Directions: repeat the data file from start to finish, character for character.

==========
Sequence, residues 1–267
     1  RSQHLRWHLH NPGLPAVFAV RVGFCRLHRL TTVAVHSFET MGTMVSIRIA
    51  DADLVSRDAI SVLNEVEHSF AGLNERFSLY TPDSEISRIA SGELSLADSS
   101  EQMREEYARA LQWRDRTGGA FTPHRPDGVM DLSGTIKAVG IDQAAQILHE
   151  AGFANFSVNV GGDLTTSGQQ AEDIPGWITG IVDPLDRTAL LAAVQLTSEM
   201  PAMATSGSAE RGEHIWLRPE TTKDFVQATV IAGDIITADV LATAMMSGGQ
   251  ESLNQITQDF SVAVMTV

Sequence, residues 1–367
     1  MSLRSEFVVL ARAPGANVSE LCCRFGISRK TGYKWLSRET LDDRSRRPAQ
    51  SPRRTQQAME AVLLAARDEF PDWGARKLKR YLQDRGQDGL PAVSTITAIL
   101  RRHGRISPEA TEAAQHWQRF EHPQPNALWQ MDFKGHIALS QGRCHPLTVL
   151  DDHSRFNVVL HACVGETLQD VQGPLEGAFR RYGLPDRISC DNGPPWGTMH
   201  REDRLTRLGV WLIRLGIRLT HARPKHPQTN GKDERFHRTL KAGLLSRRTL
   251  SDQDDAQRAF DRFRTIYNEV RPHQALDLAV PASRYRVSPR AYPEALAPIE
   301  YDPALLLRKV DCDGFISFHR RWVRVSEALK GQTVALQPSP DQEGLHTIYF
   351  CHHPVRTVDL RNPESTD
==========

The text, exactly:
Sequence, residues 1–267
     1  RSQHLRWHLH NPGLPAVFAV RVGFCRLHRL TTVAVHSFET MGTMVSIRIA
    51  DADLVSRDAI SVLNEVEHSF AGLNERFSLY TPDSEISRIA SGELSLADSS
   101  EQMREEYARA LQWRDRTGGA FTPHRPDGVM DLSGTIKAVG IDQAAQILHE
   151  AGFANFSVNV GGDLTTSGQQ AEDIPGWITG IVDPLDRTAL LAAVQLTSEM
   201  PAMATSGSAE RGEHIWLRPE TTKDFVQATV IAGDIITADV LATAMMSGGQ
   251  ESLNQITQDF SVAVMTV

Sequence, residues 1–367
     1  MSLRSEFVVL ARAPGANVSE LCCRFGISRK TGYKWLSRET LDDRSRRPAQ
    51  SPRRTQQAME AVLLAARDEF PDWGARKLKR YLQDRGQDGL PAVSTITAIL
   101  RRHGRISPEA TEAAQHWQRF EHPQPNALWQ MDFKGHIALS QGRCHPLTVL
   151  DDHSRFNVVL HACVGETLQD VQGPLEGAFR RYGLPDRISC DNGPPWGTMH
   201  REDRLTRLGV WLIRLGIRLT HARPKHPQTN GKDERFHRTL KAGLLSRRTL
   251  SDQDDAQRAF DRFRTIYNEV RPHQALDLAV PASRYRVSPR AYPEALAPIE
   301  YDPALLLRKV DCDGFISFHR RWVRVSEALK GQTVALQPSP DQEGLHTIYF
   351  CHHPVRTVDL RNPESTD